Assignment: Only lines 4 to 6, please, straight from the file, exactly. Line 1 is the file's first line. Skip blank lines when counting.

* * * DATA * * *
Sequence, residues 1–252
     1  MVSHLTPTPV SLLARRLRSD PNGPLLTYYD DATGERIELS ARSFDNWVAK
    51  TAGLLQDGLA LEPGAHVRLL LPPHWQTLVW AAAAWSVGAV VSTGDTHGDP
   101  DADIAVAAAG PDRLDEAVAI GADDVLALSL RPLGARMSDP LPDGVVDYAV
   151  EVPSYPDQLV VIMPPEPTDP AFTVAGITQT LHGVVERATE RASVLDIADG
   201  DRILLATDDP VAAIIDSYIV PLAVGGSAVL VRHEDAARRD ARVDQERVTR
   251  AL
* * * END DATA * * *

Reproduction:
   101  DADIAVAAAG PDRLDEAVAI GADDVLALSL RPLGARMSDP LPDGVVDYAV
   151  EVPSYPDQLV VIMPPEPTDP AFTVAGITQT LHGVVERATE RASVLDIADG
   201  DRILLATDDP VAAIIDSYIV PLAVGGSAVL VRHEDAARRD ARVDQERVTR